“You’re sneaking off to visit that servant boy, aren’t you? Jacob, was it?”
The conversation between Princesses Agnes and Matilda happened in lowered-yet-excited voices, one at the prospect of seeing her love and the other at the prospect of catching her sister in the act. It was one that happened far more often than you’d think, but never more than once a week.
“It’s Thomas,” 15-year old Matilda corrected, but her face grew hot as she realized she’d given herself away.
“So you are!” Agnes said joyfully. “I knew it!”
“Oh, stop,” Matilda said, covering her cherry-red face with her hands. “Please don’t tell Mum! I’d never see the light of day again. Besides,” she uncovered her face and raised an eyebrow with an air of hidden knowledge, “you’re one to talk! Half the castle knows you’ve been upstairs with the Artist at least twice a week.”
18-year old Agnes and the servant Thomas, who was 17, were closer in age than Thomas and Matilda, but Agnes had no interest in him. She was drawn instead to the mysterious, elusive Artist who lived in the top tower. His skill and charms were far superior to Matilda’s simple servant boy. But of course, she would never admit it.
“The Artist?” Agnes said, attempting valiantly to hide her embarrassment. She did know his name – Elias – but for the sake of her cover-up she did not use it. “Are you crazy? That’s not even possible. If I do visit, it’s only to see his art. It’s simply magnificent.”
“Indeed,” Matilda agreed, “but you wear your heart on your sleeve, dear sister. Even on the rare occasions that he dines outside his room, you steal glances every few minutes.”
Agnes sighed and gave up at that. “Yes, yes, you’re right. But you must swear not to tell. Cross your heart.”
“Cross my heart.” Matilda made the motion over her heart as she left the room, a small smile of accomplishment on her face.
Heavens above, Agnes thought as she watched her sister leave the room. I’ve got to be more careful. To ensure that her secret was kept, she waited another 20 minutes before leaving her bedroom, watching the halls all the time. There would be no servants arriving at the Artist’s room for several more hours, and Agnes knew they would be safe.
She knocked four times when she reached the Artist’s door and then pushed it open. “Who is it?” the Artist said stiffly, just as he always did.
“Agnes,” the princess replied in a near-whisper, just as she always did.
The Artist turned around in his chair, and he softened. “Agnes, my dear.” He crossed the room and kissed her gently, beckoning her in. “Have you come for the paintings again?”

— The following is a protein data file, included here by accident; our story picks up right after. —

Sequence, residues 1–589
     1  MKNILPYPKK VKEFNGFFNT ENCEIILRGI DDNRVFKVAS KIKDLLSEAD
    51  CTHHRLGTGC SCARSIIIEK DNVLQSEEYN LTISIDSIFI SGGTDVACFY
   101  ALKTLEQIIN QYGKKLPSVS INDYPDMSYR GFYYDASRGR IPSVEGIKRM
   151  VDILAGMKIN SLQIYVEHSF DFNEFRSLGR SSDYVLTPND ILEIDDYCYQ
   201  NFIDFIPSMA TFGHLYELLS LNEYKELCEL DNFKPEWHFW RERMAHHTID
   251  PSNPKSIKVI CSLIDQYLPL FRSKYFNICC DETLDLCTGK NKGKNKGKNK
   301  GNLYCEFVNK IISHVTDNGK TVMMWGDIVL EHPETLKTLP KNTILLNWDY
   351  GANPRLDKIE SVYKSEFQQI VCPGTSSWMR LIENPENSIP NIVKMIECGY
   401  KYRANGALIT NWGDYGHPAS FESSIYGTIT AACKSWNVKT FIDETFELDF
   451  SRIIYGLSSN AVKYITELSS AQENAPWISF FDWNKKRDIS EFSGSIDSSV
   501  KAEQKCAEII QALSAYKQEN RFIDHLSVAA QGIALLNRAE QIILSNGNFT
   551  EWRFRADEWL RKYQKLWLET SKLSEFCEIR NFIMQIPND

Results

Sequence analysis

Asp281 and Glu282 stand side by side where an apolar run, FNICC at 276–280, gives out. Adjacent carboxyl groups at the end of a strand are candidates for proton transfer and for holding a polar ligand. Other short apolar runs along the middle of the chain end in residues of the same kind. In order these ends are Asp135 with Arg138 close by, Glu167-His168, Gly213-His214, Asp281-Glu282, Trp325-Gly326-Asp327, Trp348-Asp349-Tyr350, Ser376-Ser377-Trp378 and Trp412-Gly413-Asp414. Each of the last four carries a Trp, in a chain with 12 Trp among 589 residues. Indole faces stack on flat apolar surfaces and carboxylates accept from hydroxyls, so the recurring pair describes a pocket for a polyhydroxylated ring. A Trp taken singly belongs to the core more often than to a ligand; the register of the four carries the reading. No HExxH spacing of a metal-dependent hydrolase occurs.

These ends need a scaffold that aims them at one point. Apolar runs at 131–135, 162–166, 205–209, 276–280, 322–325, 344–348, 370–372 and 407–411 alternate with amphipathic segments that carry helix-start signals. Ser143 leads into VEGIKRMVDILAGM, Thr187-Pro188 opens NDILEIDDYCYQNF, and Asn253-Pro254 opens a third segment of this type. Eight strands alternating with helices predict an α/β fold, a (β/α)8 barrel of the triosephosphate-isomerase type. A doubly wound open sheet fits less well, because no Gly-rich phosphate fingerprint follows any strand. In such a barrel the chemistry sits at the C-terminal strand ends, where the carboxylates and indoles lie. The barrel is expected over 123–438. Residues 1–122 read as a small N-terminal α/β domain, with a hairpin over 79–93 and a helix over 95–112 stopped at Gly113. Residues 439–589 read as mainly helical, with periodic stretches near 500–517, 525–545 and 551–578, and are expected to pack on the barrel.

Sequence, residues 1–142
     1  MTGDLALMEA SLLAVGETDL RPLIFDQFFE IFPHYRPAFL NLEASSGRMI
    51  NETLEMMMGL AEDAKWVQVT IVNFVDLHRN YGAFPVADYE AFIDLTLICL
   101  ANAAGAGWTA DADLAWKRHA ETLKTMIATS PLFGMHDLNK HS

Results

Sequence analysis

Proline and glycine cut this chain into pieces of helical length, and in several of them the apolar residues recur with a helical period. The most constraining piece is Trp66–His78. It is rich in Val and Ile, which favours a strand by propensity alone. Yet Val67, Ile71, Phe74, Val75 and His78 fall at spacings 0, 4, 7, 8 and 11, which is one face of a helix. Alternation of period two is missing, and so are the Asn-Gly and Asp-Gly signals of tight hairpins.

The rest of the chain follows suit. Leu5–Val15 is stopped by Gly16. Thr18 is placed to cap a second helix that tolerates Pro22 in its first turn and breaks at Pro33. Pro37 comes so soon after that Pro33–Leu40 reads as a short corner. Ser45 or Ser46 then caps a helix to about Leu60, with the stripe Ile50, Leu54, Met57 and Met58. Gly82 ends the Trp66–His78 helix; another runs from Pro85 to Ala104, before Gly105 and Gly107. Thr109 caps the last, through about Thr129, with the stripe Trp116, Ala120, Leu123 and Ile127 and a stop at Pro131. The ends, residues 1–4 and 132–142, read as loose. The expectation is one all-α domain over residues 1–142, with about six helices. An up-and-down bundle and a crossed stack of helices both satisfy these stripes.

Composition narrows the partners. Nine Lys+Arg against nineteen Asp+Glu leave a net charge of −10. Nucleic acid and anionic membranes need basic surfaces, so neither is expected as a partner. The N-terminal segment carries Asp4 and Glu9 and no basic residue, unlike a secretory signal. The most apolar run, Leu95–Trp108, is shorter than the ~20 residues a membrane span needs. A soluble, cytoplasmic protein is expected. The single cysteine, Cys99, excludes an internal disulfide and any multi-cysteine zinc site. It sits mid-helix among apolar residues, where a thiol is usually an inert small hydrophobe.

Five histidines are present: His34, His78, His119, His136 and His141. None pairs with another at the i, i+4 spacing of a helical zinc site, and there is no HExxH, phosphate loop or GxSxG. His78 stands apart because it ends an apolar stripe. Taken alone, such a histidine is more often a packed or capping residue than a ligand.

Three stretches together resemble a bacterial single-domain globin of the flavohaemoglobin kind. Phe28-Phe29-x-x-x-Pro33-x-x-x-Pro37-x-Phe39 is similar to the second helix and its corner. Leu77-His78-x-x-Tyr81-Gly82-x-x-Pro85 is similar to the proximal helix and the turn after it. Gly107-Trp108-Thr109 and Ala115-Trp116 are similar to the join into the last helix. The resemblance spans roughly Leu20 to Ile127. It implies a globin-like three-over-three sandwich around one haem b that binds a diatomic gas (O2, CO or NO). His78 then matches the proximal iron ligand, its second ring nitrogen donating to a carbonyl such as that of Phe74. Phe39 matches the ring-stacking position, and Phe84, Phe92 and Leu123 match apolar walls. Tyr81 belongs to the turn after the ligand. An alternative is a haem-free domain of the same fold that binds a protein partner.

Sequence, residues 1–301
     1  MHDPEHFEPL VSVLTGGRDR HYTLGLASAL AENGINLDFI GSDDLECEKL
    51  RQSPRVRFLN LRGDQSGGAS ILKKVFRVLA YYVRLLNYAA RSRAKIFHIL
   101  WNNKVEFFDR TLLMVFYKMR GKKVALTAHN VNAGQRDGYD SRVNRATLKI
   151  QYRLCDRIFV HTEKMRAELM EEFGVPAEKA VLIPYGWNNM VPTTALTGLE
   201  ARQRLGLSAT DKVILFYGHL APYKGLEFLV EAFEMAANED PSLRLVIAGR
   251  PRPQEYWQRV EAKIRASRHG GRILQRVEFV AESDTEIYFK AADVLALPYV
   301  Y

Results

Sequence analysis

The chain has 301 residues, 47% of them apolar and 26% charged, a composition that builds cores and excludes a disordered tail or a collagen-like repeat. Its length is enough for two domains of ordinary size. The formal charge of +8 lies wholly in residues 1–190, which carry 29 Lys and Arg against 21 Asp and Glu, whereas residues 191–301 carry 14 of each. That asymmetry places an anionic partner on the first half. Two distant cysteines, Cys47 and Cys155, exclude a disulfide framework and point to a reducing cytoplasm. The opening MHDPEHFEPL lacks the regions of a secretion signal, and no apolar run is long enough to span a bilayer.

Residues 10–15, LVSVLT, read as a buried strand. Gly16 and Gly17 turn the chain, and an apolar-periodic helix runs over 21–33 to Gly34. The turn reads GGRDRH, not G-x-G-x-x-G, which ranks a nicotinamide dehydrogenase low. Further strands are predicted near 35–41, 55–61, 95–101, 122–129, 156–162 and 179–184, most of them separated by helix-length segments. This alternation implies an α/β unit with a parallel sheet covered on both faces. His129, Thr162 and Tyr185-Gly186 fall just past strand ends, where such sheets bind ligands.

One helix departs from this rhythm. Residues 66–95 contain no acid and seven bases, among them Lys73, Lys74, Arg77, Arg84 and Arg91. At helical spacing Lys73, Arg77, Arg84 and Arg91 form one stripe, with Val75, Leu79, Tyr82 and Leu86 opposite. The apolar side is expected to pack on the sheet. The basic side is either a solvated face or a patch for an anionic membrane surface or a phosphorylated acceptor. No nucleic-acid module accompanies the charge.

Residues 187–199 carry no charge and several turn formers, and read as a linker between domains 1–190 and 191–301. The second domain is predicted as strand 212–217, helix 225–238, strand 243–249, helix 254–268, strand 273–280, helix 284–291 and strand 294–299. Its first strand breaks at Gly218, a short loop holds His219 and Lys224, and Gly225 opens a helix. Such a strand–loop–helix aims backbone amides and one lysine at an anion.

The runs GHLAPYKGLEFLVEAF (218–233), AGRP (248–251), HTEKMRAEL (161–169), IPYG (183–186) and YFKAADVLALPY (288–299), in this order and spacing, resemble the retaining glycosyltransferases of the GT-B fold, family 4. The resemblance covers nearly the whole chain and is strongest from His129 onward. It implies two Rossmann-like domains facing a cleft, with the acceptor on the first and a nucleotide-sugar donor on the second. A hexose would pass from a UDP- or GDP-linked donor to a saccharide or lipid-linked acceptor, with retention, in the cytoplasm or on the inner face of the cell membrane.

“Actually, I was hoping to see the sculptures this time. Have you finished the one you were working on the last time?”
They sat down at the table, where piles of clay and several carving tools lay about. Agnes picked up a small figure of a girl, one that she recognized as the handmaiden named Margery. “This is lovely!”
“Oh, that one.” The Artist waved it off. “That’s just a trinket I made over a year ago. The real beauty is in the one I’ve nearly completed. But you will have to wait until next time for that one.”
“Elias!” Agnes protested with a laugh. “I can’t wait that long!”
“But you will have to, my love.” The Artist brushed some of Agnes’s hair behind her ear.
For the rest of the princess’s time there, the Artist showed off his sculptures and Agnes admired (was that really the right word?) them, hardly able to believe what she was seeing. It was truly some of the most beautiful art she’d ever seen.
On the bench in the garden sat Matilda. Across the garden from her was Thomas, the young servant she had come to meet. At the current point in time, he was working his way toward her, pruning the flowers. Of course, the reason for this was that their relationship must be kept secret, otherwise they may never see each other again.
Thomas was a rather shy, quiet servant who had tended to the Royal Family’s needs (not the rest of the castle, just the family.) ever since childhood. When Matilda was about ten years old and Thomas was 12, she had developed something of a crush on him. It had persisted until the present, when they had finally given up on hiding their attraction from each other.
“Milady,” Thomas said, bowing. He took her hand. “Shall we visit the horses? They are in need of tending.”
“We shall,” Matilda responded with a smile. She stood up and followed him to the stable, where they shut the door firmly and locked it from the inside.
“Thomas, no, stop!” Matilda laughed. Thomas was kissing her fiercely, pressing her against the wall of the stable, almost knocking her over. “Really, we have to stop!”
“But why?” Thomas said, doing the opposite of stopping. Strangely, he was always far less shy when they were together. “Why should we?”
“Because,” Matilda replied, pushing him off playfully, “if we get caught, we’re done for! My mum would kill me! And I’ve got to be back to the castle for dinner soon!”
“Alright,” Thomas finally caved. “I guess perhaps we should stop. But it’s obviously not my first choice.”
“Well, it isn’t mine either!” Matilda said. “But I don’t want to lose you.” She kissed him once more and then left the stable.
As you can see, Agnes is the more responsible of the sisters, the more careful and precise with her and the Artist’s relationship, while Matilda is the wilder girl, the one who’s willing to take the risk of being found with Thomas. Why is this important, you ask?